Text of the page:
While university students have a reputation of romping around in the bedroom (some Resident Colleges more so than others), when it comes down to it we have nothing on the antechinuses.
The antechinus is a family of marsupials with what can only be described as an astounding sex life, and a brand new species, the black tailed antechinus, has just been discovered in Brisbane. Discovering new species of mammals is quite rare and exciting these days, but this one is particularly interesting.
Male antechinuses are almost all ‘semelparous’, meaning that they have one season of mating during their entire lives. They are born around November and then reach sexual maturity in August.
At which point they stop caring about anything except sex. Nothing else matters.
They don’t sleep. They don’t eat. They spend 24/7 hunting down females to reproduce with. When they find a willing (or unwilling) female, they will then spend up to twelve hours procreating. And once they are down they will immediately start hunting for the next female and the next twelve hour conjugal session.
This goes on for weeks; the male deprives his bodies of nutrients, suppresses his immune system, starts losing his fur and staggering from exhaustion. This ends in a pretty predictable way – with the male dying.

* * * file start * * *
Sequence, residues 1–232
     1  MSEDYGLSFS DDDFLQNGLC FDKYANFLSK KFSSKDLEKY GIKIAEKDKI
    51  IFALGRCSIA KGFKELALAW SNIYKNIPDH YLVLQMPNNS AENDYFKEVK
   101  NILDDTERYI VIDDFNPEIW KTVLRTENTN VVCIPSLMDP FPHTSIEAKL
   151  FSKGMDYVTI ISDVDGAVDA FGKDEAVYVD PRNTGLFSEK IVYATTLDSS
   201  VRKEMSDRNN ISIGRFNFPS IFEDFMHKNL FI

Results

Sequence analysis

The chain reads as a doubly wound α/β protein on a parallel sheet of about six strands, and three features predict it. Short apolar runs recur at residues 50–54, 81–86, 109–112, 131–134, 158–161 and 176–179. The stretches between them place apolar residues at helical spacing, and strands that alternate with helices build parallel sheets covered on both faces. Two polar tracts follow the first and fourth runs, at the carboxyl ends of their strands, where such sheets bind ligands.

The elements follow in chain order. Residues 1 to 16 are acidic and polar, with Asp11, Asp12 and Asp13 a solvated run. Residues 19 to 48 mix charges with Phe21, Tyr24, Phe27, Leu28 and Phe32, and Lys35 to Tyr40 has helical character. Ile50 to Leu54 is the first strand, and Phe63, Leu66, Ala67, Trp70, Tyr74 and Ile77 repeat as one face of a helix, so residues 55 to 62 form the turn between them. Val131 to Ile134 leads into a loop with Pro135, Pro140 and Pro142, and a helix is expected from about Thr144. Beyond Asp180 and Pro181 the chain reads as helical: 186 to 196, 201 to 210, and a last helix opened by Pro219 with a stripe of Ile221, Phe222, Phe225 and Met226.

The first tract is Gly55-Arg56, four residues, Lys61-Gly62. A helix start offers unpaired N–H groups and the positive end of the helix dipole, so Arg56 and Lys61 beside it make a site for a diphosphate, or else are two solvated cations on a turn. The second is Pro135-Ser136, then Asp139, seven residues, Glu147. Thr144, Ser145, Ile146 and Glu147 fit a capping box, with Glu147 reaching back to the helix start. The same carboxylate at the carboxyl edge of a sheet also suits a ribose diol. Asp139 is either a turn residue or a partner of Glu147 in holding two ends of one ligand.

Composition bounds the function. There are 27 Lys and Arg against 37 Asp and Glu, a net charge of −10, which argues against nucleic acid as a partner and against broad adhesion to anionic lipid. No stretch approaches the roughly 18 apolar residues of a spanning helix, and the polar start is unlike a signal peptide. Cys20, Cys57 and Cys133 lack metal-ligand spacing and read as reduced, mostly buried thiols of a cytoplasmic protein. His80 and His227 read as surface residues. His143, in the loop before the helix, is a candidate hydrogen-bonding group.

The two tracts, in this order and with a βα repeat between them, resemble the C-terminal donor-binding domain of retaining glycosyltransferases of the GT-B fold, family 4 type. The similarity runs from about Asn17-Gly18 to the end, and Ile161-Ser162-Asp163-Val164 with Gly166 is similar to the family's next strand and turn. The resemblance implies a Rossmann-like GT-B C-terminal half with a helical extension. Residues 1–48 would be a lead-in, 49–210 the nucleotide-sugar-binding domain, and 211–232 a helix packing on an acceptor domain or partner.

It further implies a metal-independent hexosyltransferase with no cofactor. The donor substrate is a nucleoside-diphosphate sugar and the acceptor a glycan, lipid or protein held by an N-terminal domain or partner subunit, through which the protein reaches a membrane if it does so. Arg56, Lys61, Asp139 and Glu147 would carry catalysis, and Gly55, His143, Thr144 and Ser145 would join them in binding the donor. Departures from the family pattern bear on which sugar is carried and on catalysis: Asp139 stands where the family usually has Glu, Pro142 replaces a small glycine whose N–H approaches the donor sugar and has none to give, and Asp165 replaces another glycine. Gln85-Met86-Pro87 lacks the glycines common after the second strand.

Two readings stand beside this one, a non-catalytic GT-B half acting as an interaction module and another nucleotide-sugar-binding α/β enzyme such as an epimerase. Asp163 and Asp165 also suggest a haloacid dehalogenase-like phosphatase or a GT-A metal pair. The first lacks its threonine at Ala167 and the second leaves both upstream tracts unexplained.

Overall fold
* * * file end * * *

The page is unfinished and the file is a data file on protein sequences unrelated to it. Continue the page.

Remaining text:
The men literally fuck themselves to death as soon as they hit puberty.
The women don’t do much better; mating with multiple men, in twelve hour sessions non-stop for several weeks is pretty exhausting for them too. They store all the sperm they receive until they ovulate, at which point they give birth to a large litter of babies with several different fathers.
Some females survive this process up to three times, but most also die after round one once they have weaned their first lot of babies.
Scientists have two explanations for why antechinuses do this. Firstly, food. All this crazy sex happens during the thick of winter when food is scarce. By ‘hitting home runs’ until they die the men allow the food supply to last longer for the women and children. Who said chivalry was dead?
The second reason is one of evolutionary biology and competition. The nymphos who spend all day shagging are far more likely to have their genes passed on to the next generation. The prudes who are a bit more conservative will miss out and be quickly bred out of existence.
To be fair, we still haven’t figured out if the new species discovered in Brisbane also like to go out with a bang like their cousins. But considering how boring Brisbane is, I wouldn’t bet against it.